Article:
Confirmed downward trends of "Press Freedom" in the MENA region



 
At first glance, the 2010 index’s higher score as compared to that of 2009 seems to translate into gains. However, it is important to emphasise how troubling the situation had been in 2009. In that regard, 2010 actually spells out a return to the pre-existing equilibrium, with no sign of significant progress in these countries.
 
World Press Freedom Day in the Arab world. © Adam


Morocco’s drop (-8 places) reflects the authorities’ tension over issues relating to press freedom, evident since early 2009. The sentencing of a journalist to one year in prison without possibility of parole (he will serve eight months), the arbitrary closing down of a newspaper, the financial ruin of another newspaper, orchestrated by the authorities, etc. – all practices which explain Morocco’s fall in the Index rankings.


Tunisia’s score was (-10), falling in position from 154th to 164rd (Tunisia had already lost 9 places between 2008 and 2009). The country is continuing to drop into the Index’s lower rankings because of its policy of systematic repression enforced by government leaders in Tunis against any person who expresses an idea contrary to that of the regime. The passage of the Amendment to Article 61B of the Penal Code is especially troubling in that it tends to criminalise any contact with foreign organisations which might ultimately harm Tunisia’s economic interests.


There is an identical situation in Syria (-8) and Yemen (-3), where press freedom is fast shrinking away. Arbitrary detentions are still routine, as is the use of torture.


For its part, Iran held its position at the bottom of the Index. The crackdown on journalists and netizens which occurred just after the disputed re-election of Mahmoud Ahmadinejad in June 2009 only strengthened in 2010.


Only a relative improvement in some countries


Such is the case of Israel (extra-territorial) which “won” 18 places in the index, passing from the 150th to the 132nd place. The year 2010 was not exempt from press freedom violations on the part of the Israeli Army, as evidenced by the cases of foreign journalists arrested on the flotilla in May 2010, or the Palestinian journalists who are regularly targeted by Tsahal soldiers’ bullets. Or the skirmish in South Lebanon last August, during which a Lebanese journalist was killed. However, 2010 is incommensurate with 2009, in the early days of which "Operation Cast Lead" took place: six journalists died, two of them while doing their jobs, and at least three buildings sheltering media professionals were targeted by gunfire.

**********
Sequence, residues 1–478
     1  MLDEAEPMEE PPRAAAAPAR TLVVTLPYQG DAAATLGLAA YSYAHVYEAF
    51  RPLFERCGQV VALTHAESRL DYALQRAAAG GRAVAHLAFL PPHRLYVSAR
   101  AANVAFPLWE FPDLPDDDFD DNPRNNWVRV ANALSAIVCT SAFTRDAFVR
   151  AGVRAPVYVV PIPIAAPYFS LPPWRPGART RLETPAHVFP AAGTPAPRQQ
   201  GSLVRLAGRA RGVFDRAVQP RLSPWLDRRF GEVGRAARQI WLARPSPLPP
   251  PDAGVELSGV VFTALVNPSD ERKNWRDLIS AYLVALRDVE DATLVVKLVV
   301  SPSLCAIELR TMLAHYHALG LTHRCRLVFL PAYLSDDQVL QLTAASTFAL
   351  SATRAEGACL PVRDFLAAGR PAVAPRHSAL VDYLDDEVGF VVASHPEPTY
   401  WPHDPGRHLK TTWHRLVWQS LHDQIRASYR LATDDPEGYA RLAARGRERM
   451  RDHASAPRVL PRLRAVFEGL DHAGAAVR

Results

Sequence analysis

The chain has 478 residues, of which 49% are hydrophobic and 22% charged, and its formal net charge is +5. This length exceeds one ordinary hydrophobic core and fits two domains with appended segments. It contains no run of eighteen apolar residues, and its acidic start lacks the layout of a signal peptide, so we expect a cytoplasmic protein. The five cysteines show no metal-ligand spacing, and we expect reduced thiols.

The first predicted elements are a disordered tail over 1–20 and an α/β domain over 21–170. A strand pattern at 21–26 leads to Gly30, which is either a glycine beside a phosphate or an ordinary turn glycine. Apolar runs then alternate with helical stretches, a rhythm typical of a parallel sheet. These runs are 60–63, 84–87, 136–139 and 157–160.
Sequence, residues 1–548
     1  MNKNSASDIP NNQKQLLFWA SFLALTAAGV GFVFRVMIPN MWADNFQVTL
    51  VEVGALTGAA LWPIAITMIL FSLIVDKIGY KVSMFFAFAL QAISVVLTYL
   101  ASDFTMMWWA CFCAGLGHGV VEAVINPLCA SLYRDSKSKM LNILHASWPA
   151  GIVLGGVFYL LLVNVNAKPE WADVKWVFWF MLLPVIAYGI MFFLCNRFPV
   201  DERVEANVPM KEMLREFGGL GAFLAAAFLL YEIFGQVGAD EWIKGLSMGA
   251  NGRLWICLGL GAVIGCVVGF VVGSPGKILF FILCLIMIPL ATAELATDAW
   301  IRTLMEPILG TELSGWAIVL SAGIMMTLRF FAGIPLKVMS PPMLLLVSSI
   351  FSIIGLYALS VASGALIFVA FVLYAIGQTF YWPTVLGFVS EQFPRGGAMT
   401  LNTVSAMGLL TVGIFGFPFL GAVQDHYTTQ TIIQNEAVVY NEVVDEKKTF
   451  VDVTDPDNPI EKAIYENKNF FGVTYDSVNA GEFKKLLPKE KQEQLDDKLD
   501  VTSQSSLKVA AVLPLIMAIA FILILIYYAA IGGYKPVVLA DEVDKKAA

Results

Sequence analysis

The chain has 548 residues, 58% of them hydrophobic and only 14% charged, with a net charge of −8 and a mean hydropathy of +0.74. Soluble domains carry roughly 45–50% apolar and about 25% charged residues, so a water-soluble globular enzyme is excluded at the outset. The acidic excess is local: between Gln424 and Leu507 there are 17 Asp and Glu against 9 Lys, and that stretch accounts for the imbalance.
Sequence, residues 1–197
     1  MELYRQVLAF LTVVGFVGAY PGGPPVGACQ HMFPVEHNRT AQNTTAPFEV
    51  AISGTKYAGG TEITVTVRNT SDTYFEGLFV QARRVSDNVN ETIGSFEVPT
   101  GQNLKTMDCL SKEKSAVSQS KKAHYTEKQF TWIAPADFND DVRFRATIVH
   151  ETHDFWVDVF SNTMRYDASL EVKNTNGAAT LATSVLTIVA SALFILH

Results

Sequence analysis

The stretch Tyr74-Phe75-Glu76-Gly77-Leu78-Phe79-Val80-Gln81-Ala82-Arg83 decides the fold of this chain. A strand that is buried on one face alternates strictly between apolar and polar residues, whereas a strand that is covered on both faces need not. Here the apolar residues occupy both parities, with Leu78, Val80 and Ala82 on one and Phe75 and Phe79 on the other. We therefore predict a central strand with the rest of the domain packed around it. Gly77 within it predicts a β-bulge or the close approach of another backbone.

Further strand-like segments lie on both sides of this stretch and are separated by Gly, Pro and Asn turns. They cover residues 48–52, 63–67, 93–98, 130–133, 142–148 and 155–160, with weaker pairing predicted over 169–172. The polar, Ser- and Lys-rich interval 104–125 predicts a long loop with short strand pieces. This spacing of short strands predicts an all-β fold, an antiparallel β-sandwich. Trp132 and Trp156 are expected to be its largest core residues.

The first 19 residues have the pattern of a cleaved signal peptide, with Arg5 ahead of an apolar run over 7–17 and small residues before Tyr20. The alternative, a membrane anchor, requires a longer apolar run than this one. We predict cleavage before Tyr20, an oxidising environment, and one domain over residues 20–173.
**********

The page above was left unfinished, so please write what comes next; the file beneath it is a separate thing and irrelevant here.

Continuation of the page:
The Palestinian Territories had similar results, rising 11 places in the 2010 index (now 150th instead of 161st). The violations committed in the year just ended are simply “less serious” than in 2009, even if the journalists and media professionals are still paying the price for the open hostility between the Hamas and the Fatah.


In Algeria, the number of legal proceedings instituted against journalists has noticeably declined, which explains its gain of 8 places in the Index. Between 2008 and 2009, the country had dropped 20 places due to the increased number of legal proceedings.


Iraq climbed 15 places (now 130th), because safety conditions for journalists improved substantially in the country, despite the fact that three had died between 1 September 2009 and 31 August 2010 – two of whom were murdered. Since then, three deaths have occurred in less than one month. The withdrawal of U.S. combat troops from Iraq at the end of August necessarily marks the start of a new era. The security of citizens, and particularly of journalists, should not be made to suffer for it.


Drops in Persian Gulf


Bahraini’s ranking in the Index dropped from 119th to 144th place, which can be explained by the growing number of imprisonments and trials, notably against bloggers and netizens.


Another noteworthy drop was that of Kuwait, which fell 27 places, from the 60th to the 87th position, mainly because of the Kuwaiti authorities’ harsh treatment of lawyer and blogger Mohammed Abdel Qader Al-Jassem, who has been jailed twice following accusations lodged by prominent figures with close ties to the regime. This contradicts the authorities stated desire to project an image of being the leading democracy of the Persian Gulf.

 

Press Freedom Index 2010